- Impact on daily activities: A woman with severe uterine prolapse may be unable to move heavy objects, strain herself, or conduct duties that put pressure on her pelvic floor. Overall independence and movement may be impacted by this.
- Impact on fertility and pregnancy: Uterine prolapse may occasionally have an impact on fertility or pregnancy. It could be more difficult for sperm to reach the egg if the illness affects how the uterus is positioned. Additionally, having a prolapsed uterus during pregnancy might provide difficulties for the mother and the baby.
Symptoms of Uterine Prolapse
- The sentiment of pressure or heaviness in the pelvis: Many uterine prolapse sufferers report experiencing pressure or heaviness in the pelvic area. After prolonged standing or physical exertion, this sensation could get worse.
- A bulge or protrusion in the vaginal area may be felt or seen as the uterus enters the vaginal canal. This bulge might fluctuate in size and might become more apparent when you cough, sneeze, or strain, which all raise intra-abdominal pressure.
- Pain or discomfort: Some women may feel pain or discomfort in the lower back, pelvic area, or vaginal area. This can cause anything from modest discomfort to more severe pain, especially when engaging in physical or sexual activity.
- Urinary symptoms: Uterine prolapse can impair urination, resulting in a range of signs and symptoms. Urinary incontinence (urine leakage), increased frequency of urination, urgency (a sudden, intense urge to urinate), hesitation (difficulty commencing urination), or the impression that the bladder isn’t empty enough are some examples of these.
- Uterine prolapse may occasionally affect bowel function, according to symptoms. Constipation, bowel movement difficulty, or a sense of incomplete evacuation are all common among women. To pass feces, one may need to strain during bowel motions.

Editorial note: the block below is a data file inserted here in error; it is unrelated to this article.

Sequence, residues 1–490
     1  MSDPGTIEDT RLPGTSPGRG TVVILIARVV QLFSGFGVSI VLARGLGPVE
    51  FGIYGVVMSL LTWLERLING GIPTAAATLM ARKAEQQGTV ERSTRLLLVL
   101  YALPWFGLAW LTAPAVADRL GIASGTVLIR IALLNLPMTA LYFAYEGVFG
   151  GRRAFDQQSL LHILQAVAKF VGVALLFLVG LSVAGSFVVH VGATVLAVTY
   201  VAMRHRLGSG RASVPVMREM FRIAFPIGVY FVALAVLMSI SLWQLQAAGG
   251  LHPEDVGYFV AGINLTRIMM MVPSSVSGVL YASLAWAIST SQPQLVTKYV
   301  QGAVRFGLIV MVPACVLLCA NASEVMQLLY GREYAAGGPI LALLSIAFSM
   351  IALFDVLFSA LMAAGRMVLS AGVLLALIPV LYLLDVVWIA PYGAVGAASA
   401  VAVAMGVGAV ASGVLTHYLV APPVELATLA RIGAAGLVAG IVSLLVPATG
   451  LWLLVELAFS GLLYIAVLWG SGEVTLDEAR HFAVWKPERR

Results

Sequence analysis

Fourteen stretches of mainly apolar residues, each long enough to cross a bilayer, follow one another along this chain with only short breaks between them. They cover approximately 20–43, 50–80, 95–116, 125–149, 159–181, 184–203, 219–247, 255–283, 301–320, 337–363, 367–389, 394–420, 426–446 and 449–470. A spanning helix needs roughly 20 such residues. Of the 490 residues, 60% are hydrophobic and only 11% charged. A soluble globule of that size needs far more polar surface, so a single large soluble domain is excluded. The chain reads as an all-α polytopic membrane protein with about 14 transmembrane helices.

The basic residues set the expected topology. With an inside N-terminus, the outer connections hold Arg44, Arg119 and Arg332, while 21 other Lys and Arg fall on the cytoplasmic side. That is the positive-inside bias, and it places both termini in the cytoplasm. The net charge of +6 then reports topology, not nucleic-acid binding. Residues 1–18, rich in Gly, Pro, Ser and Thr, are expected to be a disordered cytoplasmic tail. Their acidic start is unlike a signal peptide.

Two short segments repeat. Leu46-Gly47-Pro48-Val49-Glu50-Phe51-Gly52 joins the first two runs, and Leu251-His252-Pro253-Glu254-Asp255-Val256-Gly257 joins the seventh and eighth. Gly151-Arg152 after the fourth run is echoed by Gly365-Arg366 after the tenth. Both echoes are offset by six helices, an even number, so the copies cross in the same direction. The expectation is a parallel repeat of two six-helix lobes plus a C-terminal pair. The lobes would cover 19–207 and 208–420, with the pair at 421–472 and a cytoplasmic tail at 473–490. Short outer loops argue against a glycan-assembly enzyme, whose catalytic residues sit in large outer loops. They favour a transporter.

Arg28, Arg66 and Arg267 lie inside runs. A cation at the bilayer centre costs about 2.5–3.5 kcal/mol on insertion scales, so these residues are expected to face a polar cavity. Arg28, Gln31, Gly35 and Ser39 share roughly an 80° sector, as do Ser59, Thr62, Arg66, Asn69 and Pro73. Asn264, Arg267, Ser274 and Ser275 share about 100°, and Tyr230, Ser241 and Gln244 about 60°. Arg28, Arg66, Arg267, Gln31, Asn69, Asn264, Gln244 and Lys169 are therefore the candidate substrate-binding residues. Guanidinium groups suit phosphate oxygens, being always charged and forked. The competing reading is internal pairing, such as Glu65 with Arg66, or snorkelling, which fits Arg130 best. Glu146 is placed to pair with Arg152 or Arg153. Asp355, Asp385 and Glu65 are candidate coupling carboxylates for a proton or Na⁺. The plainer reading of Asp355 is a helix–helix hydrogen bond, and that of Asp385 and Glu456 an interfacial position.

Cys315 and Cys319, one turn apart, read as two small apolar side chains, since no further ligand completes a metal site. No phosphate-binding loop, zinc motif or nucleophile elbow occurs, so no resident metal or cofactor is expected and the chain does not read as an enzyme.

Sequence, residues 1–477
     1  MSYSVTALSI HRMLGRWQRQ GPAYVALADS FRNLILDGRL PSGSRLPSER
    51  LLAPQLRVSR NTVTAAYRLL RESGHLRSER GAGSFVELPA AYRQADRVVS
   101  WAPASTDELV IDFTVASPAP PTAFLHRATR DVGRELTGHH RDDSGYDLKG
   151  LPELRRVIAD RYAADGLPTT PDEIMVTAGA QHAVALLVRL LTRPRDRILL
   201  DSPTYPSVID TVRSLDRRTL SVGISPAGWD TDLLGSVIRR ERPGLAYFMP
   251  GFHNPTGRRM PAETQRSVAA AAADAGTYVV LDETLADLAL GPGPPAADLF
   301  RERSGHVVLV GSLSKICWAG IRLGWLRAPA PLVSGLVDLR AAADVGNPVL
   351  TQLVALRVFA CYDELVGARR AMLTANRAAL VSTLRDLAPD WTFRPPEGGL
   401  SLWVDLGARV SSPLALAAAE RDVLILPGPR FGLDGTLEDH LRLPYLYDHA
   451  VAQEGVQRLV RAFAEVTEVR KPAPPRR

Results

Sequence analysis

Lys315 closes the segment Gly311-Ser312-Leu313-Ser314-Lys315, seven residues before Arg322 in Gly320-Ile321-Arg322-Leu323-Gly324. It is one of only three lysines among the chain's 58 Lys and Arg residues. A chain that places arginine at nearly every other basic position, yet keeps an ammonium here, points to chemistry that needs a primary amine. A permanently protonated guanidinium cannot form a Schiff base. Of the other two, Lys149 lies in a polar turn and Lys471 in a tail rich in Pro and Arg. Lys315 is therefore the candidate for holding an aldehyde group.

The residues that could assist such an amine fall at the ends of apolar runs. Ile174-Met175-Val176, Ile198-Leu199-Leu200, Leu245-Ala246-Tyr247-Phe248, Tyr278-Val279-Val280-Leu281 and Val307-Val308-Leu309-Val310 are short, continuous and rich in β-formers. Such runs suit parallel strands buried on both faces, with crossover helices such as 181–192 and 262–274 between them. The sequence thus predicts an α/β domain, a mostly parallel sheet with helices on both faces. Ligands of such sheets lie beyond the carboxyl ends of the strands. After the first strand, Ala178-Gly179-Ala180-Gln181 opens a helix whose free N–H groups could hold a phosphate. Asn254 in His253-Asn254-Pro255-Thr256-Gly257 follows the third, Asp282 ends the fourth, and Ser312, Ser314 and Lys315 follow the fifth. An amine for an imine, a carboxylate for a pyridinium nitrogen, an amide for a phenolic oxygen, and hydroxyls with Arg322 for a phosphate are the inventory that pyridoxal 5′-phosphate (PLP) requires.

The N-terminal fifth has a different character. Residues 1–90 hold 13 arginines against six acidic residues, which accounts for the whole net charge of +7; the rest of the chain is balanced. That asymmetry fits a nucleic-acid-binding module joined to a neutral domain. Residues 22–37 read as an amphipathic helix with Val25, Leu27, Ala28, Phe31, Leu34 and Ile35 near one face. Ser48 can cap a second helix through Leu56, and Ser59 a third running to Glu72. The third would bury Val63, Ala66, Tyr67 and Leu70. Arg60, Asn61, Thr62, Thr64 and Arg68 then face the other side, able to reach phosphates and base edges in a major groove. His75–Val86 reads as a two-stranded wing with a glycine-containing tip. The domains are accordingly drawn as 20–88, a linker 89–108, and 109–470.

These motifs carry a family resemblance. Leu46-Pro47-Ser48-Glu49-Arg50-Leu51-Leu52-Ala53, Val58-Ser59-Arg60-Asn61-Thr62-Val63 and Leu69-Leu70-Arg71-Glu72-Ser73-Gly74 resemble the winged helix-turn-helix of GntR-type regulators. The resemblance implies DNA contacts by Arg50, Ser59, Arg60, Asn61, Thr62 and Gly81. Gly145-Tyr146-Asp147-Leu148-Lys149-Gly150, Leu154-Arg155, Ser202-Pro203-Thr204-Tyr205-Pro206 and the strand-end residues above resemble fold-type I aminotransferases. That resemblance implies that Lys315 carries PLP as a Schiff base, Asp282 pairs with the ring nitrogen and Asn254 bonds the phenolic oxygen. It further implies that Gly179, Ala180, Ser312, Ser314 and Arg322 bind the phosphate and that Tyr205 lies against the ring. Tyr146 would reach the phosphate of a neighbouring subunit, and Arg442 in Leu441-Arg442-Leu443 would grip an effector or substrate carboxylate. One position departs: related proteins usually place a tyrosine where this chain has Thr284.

- Discomfort or pain experienced during sexual activity (dyspareunia) might be brought on by the uterus’ displacement and the pressure it puts on nearby structures.
- Lower back pain or generalized pelvic pain may be experienced by women with uterine prolapse. This may be connected to the stress put on the ligaments and muscles of the pelvic floor.
Natural Remedies for Uterine Prolapse
- Exercises for the pelvic floor (Kegels): Performing Kegels on a regular basis can assist tone the pelvic floor and strengthen the muscles that support the uterus. The pelvic floor muscles are contracted and then relaxed during kegel exercises. A pelvic floor therapist or medical expert can offer advice on appropriate workout routines and adequate techniques.
- Pilates and yoga: Performing mild Pilates or yoga poses can assist to build core strength and enhance pelvic floor stability in general. These practices’ specific poses and motions might target the pelvic area and support the uterus.
- Maintaining a healthy weight: By eating a balanced diet and doing regular exercise, one can lessen the pressure on the pelvic floor and reduce the likelihood that uterine prolapse symptoms will worsen.
- A fiber-rich diet can help prevent constipation, which can aggravate the signs and symptoms of uterine prolapse. Keep in mind that keeping regular bowel motions also requires adequate drinking. Additionally, reducing the intake of too much coffee and alcohol may lessen urinary symptoms and bladder discomfort.
- Herbal remedies: Some herbs and herbal treatments are thought to support the health of the pelvic floor. Dong quai, red raspberry leaf, and wild yam are a few examples. However, there isn’t enough research to prove that they work for uterine prolapse specifically, so you should always talk to a doctor before using any herbal therapies to make sure they’re safe and suitable for you.
- Maintaining excellent posture and employing the right body mechanics when lifting heavy objects or engaging in physical activity can assist to lessen the pressure on the ligaments and muscles of the pelvic floor.
- Supportive devices: A pessary, a device put into the vagina to support the uterus, may be advised in specific circumstances. A healthcare practitioner should be consulted to ensure that the pessary is fitted, inserted, and managed correctly.
Treatment Options for Uterine Prolapse